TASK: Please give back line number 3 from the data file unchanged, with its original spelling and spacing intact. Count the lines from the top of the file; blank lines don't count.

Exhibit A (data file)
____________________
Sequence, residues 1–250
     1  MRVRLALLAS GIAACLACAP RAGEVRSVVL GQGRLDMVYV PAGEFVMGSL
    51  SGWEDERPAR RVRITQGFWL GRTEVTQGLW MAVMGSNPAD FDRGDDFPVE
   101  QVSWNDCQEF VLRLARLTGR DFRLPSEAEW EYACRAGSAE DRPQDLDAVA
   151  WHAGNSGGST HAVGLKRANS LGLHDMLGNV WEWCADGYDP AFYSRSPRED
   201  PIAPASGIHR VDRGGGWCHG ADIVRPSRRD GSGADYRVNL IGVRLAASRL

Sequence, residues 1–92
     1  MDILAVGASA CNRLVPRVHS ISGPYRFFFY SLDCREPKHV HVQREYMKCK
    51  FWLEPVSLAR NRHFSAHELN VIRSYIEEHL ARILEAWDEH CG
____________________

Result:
    51  SGWEDERPAR RVRITQGFWL GRTEVTQGLW MAVMGSNPAD FDRGDDFPVE